Monty Python's Life of Brian (1979)

Written and Performed by Graham Chapman, John Cleese,
Terry Gilliam, Eric Idle, Terry Jones, and Michael Palin
Directed by Terry Jones

Review by Tim

"No cow too sacred!" could have been the advertising slogan for this film. Not content with lampooning Arthurian legend (Monty Python & the Holy Grail in 1974), the comedy troupe from "Pommy-land" next turned their attentions to the life of the western world's most revered religious figure. Brian Cohen was born in Bethlehem on the same night as Jesus Christ, in the stable just across the lane (the astrologers from the east were briefly confused by the proximity, but happily rectified their mistake, after mugging Brian's mother). His life from that moment on was a parody of the famous Galilean's.

We next meet Brian as a young man, stuck at the back of the crowd during the Sermon on the Mount:

"What was that?"
"I think it was 'Blessed are the cheesemakers.'"
"What's so special about the cheesemakers?"
"Well, obviously it's not meant to be taken literally. It refers to any manufacturers of dairy products."
At this time, of course, the Romans are in charge of Palestine, which really ticks-off the locals:

"All right, but apart from the sanitation, the medicine, education, wine, public order, irrigation, roads, a fresh water system, and public health, what have the Romans ever done for us?"
Brian soon becomes involved with "The People's Front of Judea" (NOT the "Judean People's Front", or "The Popular Front of Judea"), a radical terrorist group dedicated to the overthrow of rival terrorist groups and, in their spare time, the Roman Empire:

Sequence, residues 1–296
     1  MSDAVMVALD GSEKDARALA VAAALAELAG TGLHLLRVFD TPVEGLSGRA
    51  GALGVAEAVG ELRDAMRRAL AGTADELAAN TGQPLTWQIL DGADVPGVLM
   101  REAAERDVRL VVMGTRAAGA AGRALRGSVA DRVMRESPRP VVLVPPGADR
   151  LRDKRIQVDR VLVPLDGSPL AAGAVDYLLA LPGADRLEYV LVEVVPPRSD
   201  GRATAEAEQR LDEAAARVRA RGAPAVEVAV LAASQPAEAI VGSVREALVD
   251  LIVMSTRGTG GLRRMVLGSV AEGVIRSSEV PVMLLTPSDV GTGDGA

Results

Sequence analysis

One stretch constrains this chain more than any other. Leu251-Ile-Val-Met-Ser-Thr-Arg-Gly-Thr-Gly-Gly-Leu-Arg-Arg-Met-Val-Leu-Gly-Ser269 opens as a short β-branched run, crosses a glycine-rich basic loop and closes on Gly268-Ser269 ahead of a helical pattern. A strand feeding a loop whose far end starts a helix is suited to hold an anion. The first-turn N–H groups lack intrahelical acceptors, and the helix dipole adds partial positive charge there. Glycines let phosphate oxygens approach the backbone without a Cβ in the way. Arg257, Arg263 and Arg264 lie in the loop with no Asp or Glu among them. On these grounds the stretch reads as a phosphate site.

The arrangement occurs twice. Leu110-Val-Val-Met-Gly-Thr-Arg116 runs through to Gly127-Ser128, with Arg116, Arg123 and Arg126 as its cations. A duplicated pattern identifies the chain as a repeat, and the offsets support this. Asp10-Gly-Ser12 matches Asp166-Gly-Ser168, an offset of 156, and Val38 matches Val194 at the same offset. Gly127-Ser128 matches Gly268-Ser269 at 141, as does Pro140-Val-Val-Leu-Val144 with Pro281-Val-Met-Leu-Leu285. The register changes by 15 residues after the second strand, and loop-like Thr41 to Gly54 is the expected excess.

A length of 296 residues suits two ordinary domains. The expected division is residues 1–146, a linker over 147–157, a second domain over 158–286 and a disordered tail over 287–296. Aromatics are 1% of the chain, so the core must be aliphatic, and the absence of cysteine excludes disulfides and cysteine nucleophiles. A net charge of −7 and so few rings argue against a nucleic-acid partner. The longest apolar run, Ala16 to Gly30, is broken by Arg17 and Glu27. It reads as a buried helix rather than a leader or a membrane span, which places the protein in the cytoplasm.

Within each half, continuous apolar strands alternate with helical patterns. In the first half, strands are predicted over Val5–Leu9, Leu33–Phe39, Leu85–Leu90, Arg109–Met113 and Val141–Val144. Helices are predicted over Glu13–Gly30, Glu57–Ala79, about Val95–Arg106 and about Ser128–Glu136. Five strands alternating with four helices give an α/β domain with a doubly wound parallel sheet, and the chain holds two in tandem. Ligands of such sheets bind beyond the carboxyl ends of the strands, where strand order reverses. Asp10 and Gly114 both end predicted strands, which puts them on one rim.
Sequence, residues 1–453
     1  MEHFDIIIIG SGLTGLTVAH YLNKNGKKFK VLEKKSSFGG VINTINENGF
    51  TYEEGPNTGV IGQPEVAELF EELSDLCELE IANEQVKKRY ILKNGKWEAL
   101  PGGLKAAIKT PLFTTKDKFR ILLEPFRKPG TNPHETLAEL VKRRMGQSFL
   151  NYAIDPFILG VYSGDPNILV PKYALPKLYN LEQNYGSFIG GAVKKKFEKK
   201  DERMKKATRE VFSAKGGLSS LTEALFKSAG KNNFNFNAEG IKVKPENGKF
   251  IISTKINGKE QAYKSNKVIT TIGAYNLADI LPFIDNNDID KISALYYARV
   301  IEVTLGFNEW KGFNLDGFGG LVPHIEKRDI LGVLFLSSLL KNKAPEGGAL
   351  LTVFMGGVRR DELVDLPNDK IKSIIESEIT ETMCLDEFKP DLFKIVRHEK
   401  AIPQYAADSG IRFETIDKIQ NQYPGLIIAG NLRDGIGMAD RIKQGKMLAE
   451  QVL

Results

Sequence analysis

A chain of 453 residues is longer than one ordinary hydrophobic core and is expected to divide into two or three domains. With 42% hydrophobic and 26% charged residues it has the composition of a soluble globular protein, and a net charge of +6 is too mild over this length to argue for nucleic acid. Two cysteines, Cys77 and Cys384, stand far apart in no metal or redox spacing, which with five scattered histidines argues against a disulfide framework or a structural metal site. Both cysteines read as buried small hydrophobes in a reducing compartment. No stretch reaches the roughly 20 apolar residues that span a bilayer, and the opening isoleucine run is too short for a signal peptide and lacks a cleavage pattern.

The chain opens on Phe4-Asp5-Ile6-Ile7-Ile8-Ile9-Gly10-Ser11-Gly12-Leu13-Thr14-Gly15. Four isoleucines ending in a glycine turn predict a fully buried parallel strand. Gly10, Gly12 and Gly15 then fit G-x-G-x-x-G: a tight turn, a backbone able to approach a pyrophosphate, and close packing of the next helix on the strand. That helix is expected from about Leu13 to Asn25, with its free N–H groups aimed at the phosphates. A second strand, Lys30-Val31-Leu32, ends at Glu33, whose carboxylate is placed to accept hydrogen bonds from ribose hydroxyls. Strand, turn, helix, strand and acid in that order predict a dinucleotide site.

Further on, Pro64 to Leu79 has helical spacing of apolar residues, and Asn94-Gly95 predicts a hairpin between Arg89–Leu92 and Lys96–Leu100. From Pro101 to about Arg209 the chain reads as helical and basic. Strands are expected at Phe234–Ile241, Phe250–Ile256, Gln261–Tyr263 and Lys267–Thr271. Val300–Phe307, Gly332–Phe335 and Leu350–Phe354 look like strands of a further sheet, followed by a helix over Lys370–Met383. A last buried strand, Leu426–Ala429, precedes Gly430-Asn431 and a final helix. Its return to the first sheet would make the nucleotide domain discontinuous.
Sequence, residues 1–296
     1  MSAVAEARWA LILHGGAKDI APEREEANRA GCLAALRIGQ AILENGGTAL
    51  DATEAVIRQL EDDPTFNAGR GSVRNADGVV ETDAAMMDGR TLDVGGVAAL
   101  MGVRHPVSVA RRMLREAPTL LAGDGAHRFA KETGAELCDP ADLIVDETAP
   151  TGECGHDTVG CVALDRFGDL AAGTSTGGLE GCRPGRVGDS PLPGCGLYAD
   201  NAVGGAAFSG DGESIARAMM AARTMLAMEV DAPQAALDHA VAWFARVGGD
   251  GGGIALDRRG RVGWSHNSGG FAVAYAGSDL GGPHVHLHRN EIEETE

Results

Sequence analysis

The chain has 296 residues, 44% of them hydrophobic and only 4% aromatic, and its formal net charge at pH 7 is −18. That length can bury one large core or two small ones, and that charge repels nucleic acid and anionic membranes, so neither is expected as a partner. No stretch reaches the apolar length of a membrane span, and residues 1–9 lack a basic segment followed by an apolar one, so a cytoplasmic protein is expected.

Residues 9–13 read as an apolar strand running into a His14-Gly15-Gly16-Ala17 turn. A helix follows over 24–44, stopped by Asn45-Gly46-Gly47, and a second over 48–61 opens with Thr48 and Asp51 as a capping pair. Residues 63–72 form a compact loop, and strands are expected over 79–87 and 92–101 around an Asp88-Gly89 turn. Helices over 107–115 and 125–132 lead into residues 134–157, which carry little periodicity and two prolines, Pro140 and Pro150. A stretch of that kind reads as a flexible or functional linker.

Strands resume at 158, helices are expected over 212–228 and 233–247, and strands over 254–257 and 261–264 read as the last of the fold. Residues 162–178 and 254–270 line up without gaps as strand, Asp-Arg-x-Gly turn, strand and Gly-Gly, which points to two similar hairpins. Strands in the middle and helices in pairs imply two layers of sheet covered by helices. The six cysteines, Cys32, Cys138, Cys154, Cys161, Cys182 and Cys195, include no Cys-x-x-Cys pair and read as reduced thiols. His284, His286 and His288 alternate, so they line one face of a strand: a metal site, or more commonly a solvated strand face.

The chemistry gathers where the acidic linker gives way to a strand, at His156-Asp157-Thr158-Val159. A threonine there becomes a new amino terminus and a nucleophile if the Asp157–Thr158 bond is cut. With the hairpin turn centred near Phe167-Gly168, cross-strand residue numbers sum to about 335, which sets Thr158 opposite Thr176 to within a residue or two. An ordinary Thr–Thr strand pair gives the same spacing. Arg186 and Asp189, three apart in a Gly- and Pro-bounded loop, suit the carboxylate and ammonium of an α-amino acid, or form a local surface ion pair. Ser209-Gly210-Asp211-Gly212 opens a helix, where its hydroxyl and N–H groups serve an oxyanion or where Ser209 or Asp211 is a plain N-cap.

"Brothers! Brothers! We should be struggling together!"
"We are!"
"We mustn't fight each other! Surely we should be united against the common enemy!"
"The Judean People's Front?!"
"No, no! The Romans!"
"Oh, yeah."
Subsequently, Brian is captured by the Romans, escapes, is hailed as the Messiah by a crowd of gullible followers (who seem oddly similar to new age cultists here in Santa Fe), is recaptured by the Romans, and is sentenced to death by crucifixion. The film ends with Brian and a crowd of others, bound to crosses by ropes (the actors probably objected to nails, the wimps), singing Eric Idle's "Always Look on the Bright Side of Life".

I saw this film in a movie theatre on its initial release in 1979, and I find it every bit as hilarious today as I did then. The "Latin language lesson" given to Brian by the centurion brought back memories of my own high-school Latin instructor, and Pilate's lisping "Bigus Dickus" segment had the theatre audience laughing hard enough to bring tears.

Leaders of the various Christian denominations did not find the film amusing at all or, if they did, would not admit to it. Certainly they inveighed heavily against it and, in the USA at least, their congregations mostly listened. The film is largely forgotten in this country, although I understand it was immensely popular in Europe, and is considered there to be a comedy classic. The attitudinal differences between Europeans and Americans is a subject of much speculation, which I will not delve into here. I'll simply note that, if you can loosen up enough to take a bit of teasing with good humor, you'll find Monty Python's Life of Brian a genuinely funny film.